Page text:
Shaping the City: Let there be light (carefully) in Metro stations
Lately Metro has taken a lot of heat because of persistent subway system deficiencies: lack of air conditioning in rail cars; escalator and elevator outages; and operator or equipment failures resulting in derailments and collisions -- along with injuries and fatalities.
Metro is attempting to rectify the system's deficiencies, attributable in part to human fallibility but also to chronically inadequate financing. Yet there is one other long-standing deficiency that gets little attention but needs substantial improvement: lighting.
At the moment, improving lighting is understandably of low priority because lighting has little effect on overall performance. And there is minimal funding for anything beyond light bulb replacement. But lighting inadequacies not only compromise the aesthetic quality of the system's exceptional architecture, they also adversely affect visual acuity and comfort and, at certain places, customer safety.
The Washington area is blessed with one of the world's most aesthetically memorable subway systems, designed by the late Chicago-based architect Harry Weese, who also designed the District's historic Arena Stage Theater. Metro stations are spanned by column-free, coffered vaults of reinforced concrete, recalling monumental edifices of ancient Rome and the fanciful 18th-century etchings of Giovanni Battista Piranesi. Seen regularly in subway scenes of movies set in the nation's capital, the subtly lighted, vaulted stations are by far Weese's most elegant and emblematic architectural contribution to Metro.
Lighting is a key element of Metro station architecture. The principal strategy was to conceal light sources and illuminate vaults and station spaces indirectly. Shielded lights running along the bottom edge of each vault vertically project light that subtly bathes the arching gridwork of ribs and recesses. Attenuated interplay of soft, reflected light and crisp shadows across vaults is ethereal, making the concrete structure appear delicate and almost weightless.
Through lighting, the Weese design team succeeded in creating a theater-like ambience verging at times on mystery. Gray-shaded areas contrast with occasional spots of intense brightness. Walking or standing on mezzanines and platforms, travelers experience feelings of being at once in an intimate and a communal space.
To augment illumination of vaults high overhead, some of the Metro-brown, triangular pylons standing on station platforms and mezzanines contain concealed floodlights that throw light upward. By contrast, floodlamps recessed in the low, flat ceilings of mezzanines provide illumination for spatially compressed platform areas below mezzanines.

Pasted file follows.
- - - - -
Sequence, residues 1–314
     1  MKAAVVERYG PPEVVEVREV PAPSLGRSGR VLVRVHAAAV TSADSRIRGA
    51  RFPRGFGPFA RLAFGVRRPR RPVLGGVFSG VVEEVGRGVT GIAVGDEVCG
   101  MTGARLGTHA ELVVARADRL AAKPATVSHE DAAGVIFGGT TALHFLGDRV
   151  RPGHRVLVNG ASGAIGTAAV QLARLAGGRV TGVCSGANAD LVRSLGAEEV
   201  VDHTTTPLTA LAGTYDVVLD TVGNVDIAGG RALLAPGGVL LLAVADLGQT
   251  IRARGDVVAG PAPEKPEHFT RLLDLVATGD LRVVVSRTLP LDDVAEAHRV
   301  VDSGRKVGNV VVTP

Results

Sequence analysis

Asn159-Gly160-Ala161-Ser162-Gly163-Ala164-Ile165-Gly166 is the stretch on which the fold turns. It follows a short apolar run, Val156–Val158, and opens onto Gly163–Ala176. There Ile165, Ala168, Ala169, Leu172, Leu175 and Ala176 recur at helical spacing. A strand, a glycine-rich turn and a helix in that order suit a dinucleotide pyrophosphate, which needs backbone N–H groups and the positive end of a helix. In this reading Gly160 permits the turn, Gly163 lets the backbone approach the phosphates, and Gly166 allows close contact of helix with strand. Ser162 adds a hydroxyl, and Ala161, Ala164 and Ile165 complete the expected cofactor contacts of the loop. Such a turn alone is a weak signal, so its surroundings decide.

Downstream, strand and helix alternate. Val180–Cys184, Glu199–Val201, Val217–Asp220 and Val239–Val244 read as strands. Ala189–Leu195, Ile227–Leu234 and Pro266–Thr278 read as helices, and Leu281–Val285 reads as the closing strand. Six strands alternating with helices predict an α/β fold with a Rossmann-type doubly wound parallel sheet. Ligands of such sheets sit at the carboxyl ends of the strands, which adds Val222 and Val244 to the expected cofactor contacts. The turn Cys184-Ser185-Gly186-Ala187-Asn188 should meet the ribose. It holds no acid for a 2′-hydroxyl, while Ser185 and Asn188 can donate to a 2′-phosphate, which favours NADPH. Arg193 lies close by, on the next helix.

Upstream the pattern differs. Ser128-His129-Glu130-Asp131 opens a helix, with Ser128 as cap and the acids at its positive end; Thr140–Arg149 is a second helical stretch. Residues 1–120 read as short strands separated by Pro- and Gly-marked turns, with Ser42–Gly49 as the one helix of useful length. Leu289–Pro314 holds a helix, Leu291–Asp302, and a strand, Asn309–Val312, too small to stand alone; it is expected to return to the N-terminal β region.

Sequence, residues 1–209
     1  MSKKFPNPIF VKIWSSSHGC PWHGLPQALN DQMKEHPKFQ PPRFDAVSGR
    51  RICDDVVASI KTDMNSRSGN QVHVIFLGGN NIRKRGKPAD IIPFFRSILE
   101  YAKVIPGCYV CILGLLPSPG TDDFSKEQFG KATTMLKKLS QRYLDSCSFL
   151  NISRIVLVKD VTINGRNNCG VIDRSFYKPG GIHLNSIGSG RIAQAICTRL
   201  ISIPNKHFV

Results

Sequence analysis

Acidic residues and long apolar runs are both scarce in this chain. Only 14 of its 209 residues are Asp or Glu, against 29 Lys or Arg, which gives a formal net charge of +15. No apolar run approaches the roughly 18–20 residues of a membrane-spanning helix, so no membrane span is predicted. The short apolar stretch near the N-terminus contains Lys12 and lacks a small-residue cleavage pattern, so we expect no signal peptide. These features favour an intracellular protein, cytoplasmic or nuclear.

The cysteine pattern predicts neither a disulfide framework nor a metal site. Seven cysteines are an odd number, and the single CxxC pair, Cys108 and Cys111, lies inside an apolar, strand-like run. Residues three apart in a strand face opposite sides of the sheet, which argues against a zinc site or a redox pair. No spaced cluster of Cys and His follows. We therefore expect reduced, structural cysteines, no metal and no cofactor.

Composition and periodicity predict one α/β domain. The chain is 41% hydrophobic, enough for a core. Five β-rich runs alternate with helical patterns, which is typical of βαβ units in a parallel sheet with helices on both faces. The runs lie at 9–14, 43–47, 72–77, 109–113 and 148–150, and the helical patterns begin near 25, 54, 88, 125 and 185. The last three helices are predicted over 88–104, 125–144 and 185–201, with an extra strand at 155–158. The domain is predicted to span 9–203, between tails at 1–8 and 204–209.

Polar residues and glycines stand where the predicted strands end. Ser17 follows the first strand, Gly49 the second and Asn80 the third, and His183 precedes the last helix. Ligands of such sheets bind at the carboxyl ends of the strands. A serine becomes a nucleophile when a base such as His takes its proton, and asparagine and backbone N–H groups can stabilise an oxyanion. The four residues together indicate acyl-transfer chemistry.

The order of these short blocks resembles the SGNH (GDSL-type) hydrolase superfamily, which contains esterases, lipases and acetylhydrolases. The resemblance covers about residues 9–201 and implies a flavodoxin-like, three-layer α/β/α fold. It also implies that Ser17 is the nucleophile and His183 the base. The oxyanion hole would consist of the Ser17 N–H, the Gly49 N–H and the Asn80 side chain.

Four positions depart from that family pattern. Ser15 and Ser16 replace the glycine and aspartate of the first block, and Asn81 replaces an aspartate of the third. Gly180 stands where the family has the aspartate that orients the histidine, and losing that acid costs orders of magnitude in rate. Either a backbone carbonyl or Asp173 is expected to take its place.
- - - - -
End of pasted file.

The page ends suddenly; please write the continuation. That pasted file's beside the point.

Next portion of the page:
Unfortunately, this strategy of aesthetically appealing lighting has produced too many places within Metro stations that are simply too dark. Insufficient foot candle levels in such places make it difficult for riders waiting for trains to read graphics and text on platform pylons, not to mention newspapers and books. Below mezzanines, one must stand directly under a recessed downlight to read anything. And platform spaces beneath escalators and stairs leading to mezzanines can feel especially ominous, a bit like lightless alleys where "lurking" comes to mind.
Escalators and landings, stairways and turnstile areas also can be too dimly illuminated. Even the station names affixed at regular intervals to the sides of vaults are sometimes hard to read because the lighting is too subtle.
In the interest of full disclosure, a few years ago I was a consultant helping Metro conduct a lighting design study. I quickly realized that introducing new lighting within stations would be difficult, and not just because of cost. The primary challenge is to preserve the essence of the original lighting concept and aesthetic character of stations, which could be easily undermined by inappropriate lighting retrofits. The form and structure of stations offer few places to install effective new light sources.
Thus, if and when Metro is able to mobilize resources to deal with the subway system's lighting problems, sensitive and creative design intervention will be needed. Otherwise, one of the most vital aspects of Weese's extraordinary architectural legacy could be in jeopardy.
Roger K. Lewis is a practicing architect and a professor emeritus of architecture at the University of Maryland.